7 Conventionally, if the probability (the value in the Sig column) of observing group means that differ this much or more is <.05, the groups are deemed to be significantly different. Differences this large or larger would occur by chance less than 5% of the time if the group means were equal. In this case, we would report: The groups were statistically significantly different (F 2,84 = 5.872, p =.004). Post Hoc Tests Multiple Comparisons Dependent Variable: Percent Correct Tukey HSD (I) Class Standing (J) Class Standing Mean Difference (I-J) Std. Error Sig. 95% Confidence Interval Lower Bound Upper Bound % % % % % % % % % % % % % * % % % % % % % % * % % % *. The mean difference is significant at the 0.05 level. The post- hoc table shows which of the groups are different from each other. The Tukey test takes into account that we are computing three differences and adjusts the reported significance levels accordingly. The "Sig" column indicates the probability of a difference in means this large or larger if there were no difference. The difference between sophomores (group 2) and juniors (group 3) is not statistically significant (p =.854), nor is the difference between sophomores and seniors (group 4) (p =.220). Juniors and seniors are significantly different (p =.006). Seniors scored 10.7 percentage- points higher. A plausible range for the difference between seniors and juniors is 2.7 to 18.8 percentage points. The range is large because the sample size is small. The difference of 10.7 percentage- points is an unstandardized effect size. 7

8 Analysis 2. Selecting Groups to Analyze Comparisons between students in different majors might also be of interest. Unless your sample is very large, you will want to select the most common majors or combine related majors. To see how many students you have in each major within each class, run Crosstabs (Analyze - > Descriptive Statistics - > Crosstabs) 8

9 The output will show how many students in each major are in each class (for example, there are 4 sophomores (class standing 2) in major 260). Major * Class Standing Crosstabulation Count Class Standing Major Total Total In my data, I did not have enough sophomores or juniors to compare majors. For the seniors, I decided to compare majors with 10 or more students. Do this through Data - > Select Cases. 9

10 Click on If and type the conditions you want into the box (you can enter variable names by selecting from the box on the left and clicking the arrow, but you will have to type the ANDs and ORs and ='s and values). Example: Run the ANOVA as for ClassStanding (see examples above), but using the variable Major in the "Factor" box. Here is the output from my sample data. 10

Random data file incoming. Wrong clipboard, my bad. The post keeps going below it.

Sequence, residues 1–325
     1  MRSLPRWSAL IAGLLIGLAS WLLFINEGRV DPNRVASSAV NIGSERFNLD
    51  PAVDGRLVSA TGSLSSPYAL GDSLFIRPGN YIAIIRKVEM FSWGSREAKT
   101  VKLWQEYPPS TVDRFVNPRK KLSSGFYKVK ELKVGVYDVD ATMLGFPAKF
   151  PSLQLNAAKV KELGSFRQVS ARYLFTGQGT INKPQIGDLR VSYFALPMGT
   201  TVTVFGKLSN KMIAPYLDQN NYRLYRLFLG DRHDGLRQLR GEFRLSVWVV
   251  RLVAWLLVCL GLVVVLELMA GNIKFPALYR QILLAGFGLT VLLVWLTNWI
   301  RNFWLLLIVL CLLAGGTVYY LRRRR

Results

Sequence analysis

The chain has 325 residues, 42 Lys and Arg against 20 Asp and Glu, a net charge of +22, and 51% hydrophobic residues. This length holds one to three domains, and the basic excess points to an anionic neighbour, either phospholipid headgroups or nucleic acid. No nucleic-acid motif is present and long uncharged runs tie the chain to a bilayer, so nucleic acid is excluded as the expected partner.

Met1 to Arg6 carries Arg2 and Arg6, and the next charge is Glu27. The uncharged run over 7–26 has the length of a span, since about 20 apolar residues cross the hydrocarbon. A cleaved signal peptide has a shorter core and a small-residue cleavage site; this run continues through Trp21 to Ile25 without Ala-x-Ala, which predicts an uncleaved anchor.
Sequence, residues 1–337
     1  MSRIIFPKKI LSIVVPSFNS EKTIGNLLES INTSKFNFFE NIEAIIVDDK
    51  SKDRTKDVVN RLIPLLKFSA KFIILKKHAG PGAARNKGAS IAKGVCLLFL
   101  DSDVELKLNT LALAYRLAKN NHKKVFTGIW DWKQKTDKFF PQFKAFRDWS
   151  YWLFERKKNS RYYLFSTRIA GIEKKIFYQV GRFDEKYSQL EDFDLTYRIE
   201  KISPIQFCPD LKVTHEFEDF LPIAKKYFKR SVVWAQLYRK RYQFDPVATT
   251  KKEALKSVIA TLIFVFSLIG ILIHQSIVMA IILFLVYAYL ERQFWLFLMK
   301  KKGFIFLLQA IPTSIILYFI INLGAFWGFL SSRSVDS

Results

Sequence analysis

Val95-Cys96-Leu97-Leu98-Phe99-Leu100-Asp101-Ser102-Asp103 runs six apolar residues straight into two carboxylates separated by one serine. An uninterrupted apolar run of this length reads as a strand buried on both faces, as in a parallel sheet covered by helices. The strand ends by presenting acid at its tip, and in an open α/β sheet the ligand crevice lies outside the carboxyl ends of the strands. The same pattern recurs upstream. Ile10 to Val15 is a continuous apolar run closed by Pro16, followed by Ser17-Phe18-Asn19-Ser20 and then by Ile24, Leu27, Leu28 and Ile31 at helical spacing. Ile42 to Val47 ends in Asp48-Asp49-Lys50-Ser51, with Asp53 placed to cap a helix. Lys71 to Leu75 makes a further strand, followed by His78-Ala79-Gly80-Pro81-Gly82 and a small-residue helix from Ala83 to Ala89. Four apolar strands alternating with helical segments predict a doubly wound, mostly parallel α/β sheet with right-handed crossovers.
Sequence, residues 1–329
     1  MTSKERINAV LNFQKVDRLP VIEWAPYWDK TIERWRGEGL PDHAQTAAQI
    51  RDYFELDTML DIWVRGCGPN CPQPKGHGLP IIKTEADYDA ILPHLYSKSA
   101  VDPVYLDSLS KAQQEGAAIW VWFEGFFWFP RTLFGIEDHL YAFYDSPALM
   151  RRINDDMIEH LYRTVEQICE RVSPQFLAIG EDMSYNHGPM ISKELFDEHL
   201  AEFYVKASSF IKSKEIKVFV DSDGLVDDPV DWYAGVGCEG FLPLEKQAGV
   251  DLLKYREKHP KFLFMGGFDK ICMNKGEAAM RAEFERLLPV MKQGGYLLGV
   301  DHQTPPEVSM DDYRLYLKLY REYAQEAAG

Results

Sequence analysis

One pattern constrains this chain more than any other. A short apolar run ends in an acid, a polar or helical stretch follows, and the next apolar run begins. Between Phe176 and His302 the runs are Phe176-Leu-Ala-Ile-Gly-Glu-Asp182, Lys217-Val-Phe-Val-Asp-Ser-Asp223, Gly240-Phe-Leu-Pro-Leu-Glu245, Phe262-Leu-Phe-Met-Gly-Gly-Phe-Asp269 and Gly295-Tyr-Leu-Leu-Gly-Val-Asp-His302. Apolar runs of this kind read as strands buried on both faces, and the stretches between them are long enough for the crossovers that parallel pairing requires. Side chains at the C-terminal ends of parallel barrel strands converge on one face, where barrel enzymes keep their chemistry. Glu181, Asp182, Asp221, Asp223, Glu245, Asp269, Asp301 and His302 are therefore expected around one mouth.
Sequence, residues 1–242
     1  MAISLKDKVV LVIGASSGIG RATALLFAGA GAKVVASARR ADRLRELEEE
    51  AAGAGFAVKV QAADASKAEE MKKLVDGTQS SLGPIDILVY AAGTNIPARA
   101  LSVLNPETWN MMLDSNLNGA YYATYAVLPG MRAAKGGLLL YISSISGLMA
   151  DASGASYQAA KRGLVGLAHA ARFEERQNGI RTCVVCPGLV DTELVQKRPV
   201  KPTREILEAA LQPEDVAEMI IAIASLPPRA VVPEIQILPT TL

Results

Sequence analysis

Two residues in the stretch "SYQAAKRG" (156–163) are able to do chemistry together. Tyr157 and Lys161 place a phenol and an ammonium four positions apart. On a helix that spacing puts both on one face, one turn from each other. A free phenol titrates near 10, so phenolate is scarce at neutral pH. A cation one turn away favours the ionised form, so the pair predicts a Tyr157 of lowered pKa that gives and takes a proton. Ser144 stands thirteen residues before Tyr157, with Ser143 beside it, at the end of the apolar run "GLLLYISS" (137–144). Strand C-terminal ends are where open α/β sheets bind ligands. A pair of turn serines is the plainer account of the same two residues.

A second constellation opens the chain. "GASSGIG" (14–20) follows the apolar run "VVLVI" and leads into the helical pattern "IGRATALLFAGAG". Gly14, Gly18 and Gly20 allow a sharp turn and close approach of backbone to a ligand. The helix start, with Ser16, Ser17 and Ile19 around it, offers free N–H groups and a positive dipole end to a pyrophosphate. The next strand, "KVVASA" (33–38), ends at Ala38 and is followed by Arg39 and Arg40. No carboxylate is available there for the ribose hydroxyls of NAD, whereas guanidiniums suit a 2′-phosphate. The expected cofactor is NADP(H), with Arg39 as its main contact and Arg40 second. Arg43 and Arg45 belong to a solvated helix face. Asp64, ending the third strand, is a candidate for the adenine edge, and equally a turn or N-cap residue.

11 ANOVA Percent Correct Sum of Squares df Mean Square F Sig. Between Groups Within Groups Total My groups differed significantly (F 2,34 = 4.424, p =.020). To see how the groups differed from each other examine the Tukey results: Post Hoc Tests Multiple Comparisons Dependent Variable: Percent Correct Tukey HSD (I) Major (J) Major Mean Difference (I-J) Std. Error Sig. 95% Confidence Interval Lower Bound Upper Bound % % % % % % % % % % % % % * % % % % % % % % * % % % *. The mean difference is significant at the 0.05 level. Major 260 (Other) scored 15 percentage- points lower than Major 240 (Science/Math). This difference was statistically significant (p =. 015) using the Tukey procedure to control the familywise Type I error rate. (see comments above about post hoc comparisons for more information). 11

12 Analysis 3. Reliability You might want to know the reliability of the scores for your students. Reliability is an index of how well students can be separated by their scores. If your students are more alike than the SAILS norming sample, they will not be separated as reliably. If your students are more variable than the norming sample, they will be separated more reliably. On the Analyze menu, go to Scale - > Reliability Analysis Click the items included in the score (generally, all items). You can select multiple items by clicking on the first one, holding the shift key, and selecting the last item. Click the arrow to move the selection to the "Items" box. The most common reliability estimate is coefficient alpha (α), also called Cronbach's α. For items scored right/wrong (such as on the SAILS test), this index is also called KR- 20. This is an estimate of the correlation between scores on the current test form and another hypothetical test form selected randomly from the same hypothetical pool of items. Choose Alpha in the selection box next to Model. An example of the resulting output: 12